Mark Jenkins appears in the following:
Thursday, June 15, 2017
The pleasures of this imagined conversation between two real-life Northern Ireland political enemies, set in the run-up to 2006 St. Andrews Agreement, are more political/philosophical than dramatic.
Thursday, June 08, 2017
A story of a fading cowboy-movie star and the younger woman who may lift his spirits would logically star Sam Elliott. And the ruefully comic drama The Hero does.
Friday, May 26, 2017
Joshua: Teenager vs. Superpower tells the story of the Occupy Central movement in Hong Kong in 2014. Led by then-teenager Joshua Wong, it ended with a pizza party, but provoked plenty of response.
Thursday, May 18, 2017
In Abacus: Too Small To Jail, Steve James, who made Hoop Dreams, tells the story of a very small bank that really was prosecuted in the wake of the 2008 financial crisis.
Thursday, May 11, 2017
An Embarrassment of Ritchie: Charlie Hunnam stars as a hunky Arthur in a film that crackles with director Guy Ritchie's distinctive style but sinks under its bloated special effects.
Thursday, May 04, 2017
An intimate and moving examination of the White Helmets, who pull survivors — and corpses — from bombed buildings in Syria's largest city.
Thursday, April 27, 2017
A new documentary examines the short life — and shady business practices — of the songwriter/producer behind hits like "Tell Him," "Here Comes the Night" and "Hang On Sloopy."
Thursday, April 20, 2017
Bruno Dumont's histrionic if not particularly hysterical comedy pits rich against poor in a picturesque seaside town; the film's leisurely paced slapstick is "more intriguing than involving."
Wednesday, April 12, 2017
Critic Mark Jenkins calls Joseph Cedar's tale of a cipher (Richard Gere) who finds himself at the center of a web of personal and political machinations "intricate, rollicking and sometimes sad."
Thursday, April 06, 2017
A binge-drinking American woman unwittingly controls a monster that's destroying Seoul in this tone-deaf comedy; the film's lumbering attempts to subvert our rom-com expectations fall flat.
Thursday, March 30, 2017
It'll help to brush up on your Impressionists before seeing writer-director Danièle Thompson's decades-spanning portrait of Emile Zola and Paul Cézanne, but the film deftly avoids biopic clichés.
Thursday, March 23, 2017
Director Craig Johnson's film, based on the Daniel Clowes graphic novel, wants us to invest in a misanthrope's grumbling attempts to reconnect to humanity. Yet its uneven tone keeps us at a distance.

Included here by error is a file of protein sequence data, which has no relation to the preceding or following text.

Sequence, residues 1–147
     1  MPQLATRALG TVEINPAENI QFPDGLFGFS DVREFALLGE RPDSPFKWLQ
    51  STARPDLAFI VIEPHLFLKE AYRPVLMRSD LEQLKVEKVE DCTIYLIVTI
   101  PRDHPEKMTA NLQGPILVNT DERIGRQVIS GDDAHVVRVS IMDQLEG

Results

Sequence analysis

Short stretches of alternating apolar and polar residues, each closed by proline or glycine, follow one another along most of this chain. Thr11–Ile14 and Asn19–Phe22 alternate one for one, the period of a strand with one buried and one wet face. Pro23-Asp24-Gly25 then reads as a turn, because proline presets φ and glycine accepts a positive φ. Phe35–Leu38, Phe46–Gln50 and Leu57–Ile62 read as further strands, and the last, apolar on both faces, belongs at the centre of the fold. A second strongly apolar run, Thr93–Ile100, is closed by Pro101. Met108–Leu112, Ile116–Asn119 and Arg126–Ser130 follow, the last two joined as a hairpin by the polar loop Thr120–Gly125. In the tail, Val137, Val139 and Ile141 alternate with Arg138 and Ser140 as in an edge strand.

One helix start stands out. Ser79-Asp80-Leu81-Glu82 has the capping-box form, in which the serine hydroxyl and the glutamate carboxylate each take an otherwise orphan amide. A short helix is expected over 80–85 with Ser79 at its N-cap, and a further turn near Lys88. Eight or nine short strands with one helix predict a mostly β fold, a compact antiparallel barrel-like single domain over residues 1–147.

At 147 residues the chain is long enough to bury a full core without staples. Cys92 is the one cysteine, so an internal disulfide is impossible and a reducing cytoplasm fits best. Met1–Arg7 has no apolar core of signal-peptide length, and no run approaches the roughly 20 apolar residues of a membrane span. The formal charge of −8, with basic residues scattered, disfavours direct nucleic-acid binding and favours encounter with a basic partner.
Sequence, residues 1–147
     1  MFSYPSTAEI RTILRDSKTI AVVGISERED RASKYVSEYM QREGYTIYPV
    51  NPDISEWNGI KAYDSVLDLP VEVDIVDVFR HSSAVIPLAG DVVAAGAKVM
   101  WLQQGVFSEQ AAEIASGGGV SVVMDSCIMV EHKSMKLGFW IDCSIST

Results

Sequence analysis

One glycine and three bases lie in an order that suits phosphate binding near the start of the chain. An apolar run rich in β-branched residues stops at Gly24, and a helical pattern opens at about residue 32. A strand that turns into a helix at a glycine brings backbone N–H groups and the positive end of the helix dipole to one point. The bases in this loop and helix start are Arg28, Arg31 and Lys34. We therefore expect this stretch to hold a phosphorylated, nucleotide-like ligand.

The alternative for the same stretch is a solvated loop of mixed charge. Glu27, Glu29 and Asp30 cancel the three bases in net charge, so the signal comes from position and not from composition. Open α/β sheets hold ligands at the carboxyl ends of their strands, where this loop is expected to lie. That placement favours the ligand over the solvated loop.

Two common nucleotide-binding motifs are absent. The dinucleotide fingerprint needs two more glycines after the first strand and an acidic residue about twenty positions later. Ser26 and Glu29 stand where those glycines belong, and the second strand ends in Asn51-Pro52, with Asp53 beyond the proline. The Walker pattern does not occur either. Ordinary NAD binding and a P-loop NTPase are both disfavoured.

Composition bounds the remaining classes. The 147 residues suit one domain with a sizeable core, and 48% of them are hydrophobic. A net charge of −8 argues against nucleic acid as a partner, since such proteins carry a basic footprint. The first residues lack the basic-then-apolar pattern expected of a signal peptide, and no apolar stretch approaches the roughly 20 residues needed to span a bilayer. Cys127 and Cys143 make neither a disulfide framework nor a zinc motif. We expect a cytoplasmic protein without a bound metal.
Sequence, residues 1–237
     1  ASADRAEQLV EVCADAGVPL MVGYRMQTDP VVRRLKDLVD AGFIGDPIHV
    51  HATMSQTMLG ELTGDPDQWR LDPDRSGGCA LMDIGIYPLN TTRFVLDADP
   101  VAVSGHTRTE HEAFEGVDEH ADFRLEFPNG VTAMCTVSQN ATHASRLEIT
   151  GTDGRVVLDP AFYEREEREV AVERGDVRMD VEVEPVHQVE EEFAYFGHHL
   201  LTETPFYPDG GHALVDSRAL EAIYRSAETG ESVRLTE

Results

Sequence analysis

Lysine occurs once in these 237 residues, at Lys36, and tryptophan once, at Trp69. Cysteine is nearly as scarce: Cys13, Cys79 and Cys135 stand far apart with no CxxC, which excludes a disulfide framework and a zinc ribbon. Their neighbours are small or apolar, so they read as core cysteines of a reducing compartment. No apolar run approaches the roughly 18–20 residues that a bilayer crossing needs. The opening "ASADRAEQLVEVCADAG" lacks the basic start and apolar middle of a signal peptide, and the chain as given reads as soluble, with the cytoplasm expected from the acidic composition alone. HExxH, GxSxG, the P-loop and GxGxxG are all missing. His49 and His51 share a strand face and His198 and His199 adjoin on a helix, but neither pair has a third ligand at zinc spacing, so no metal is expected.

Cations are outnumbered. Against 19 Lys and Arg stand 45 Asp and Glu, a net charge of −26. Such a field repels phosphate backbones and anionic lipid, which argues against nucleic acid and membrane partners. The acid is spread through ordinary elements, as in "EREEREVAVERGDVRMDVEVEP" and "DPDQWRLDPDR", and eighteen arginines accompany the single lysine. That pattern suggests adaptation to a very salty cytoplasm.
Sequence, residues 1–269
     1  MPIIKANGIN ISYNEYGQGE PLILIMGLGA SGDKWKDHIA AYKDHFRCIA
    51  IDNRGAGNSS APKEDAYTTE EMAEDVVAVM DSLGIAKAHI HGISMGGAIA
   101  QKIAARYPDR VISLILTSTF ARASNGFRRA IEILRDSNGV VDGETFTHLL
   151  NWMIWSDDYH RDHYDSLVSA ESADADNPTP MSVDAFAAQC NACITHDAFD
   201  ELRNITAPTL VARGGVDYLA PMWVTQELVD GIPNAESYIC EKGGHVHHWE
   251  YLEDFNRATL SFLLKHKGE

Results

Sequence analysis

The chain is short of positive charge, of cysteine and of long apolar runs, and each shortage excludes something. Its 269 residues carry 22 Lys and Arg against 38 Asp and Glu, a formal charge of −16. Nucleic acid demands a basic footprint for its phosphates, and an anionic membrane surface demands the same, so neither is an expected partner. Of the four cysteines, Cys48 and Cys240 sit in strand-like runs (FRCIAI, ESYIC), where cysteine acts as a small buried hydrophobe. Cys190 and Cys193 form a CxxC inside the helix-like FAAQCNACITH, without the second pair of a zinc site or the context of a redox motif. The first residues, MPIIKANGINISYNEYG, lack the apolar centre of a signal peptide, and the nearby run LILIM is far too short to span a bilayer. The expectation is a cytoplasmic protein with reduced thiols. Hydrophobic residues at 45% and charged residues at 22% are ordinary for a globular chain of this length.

Thursday, March 16, 2017
French writer-director Francois Ozon adapts Broken Lullaby, Ernst Lubitsch's 1932 melodrama about a mysterious Frenchman and a German war-widow in the aftermath of World War I.
Thursday, March 09, 2017
French writer-director Julia Ducournau's debut feature, about a vegetarian veterinary student who develops a taste for viscera, "is as tiresome as it is scandalous," says critic Mark Jenkins.
Thursday, February 23, 2017
This Chinese-U.S. co-production, based on a graphic novel by Chinese rock star Zheng Jun, pads its way through a familiar story about a mastiff who wants to make it big in the music industry.
Thursday, February 16, 2017
This visually impressive, narratively muddy, pseudo-historic monster movie disappoints. "It's bonkers in theory, but prosaic in execution," says critic Mark Jenkins.
Thursday, February 02, 2017
Martian, Martian, Martian!: Asa Butterfield stars as a Mars-born teen who struggles under Earth's gravity — and a treacly script — in this sci-fi romance.
Thursday, January 26, 2017
As a Tehran couple perform Arthur Miller's Death of a Salesman, troubling parallels emerge in their home life. Writer-director Asghar Farhadi's nuanced film is one to which attention must be paid.
Thursday, January 19, 2017
In this wordless film, a man stranded on a tropical island struggles against the forces of nature to leave — until those same forces provide a reason to stay.
Thursday, January 12, 2017
Betsy Brandt plays a woman whose husband goes missing in this underwritten, willfully ambiguous film from writer-directors Lisa Robinson and Annie J. Howell.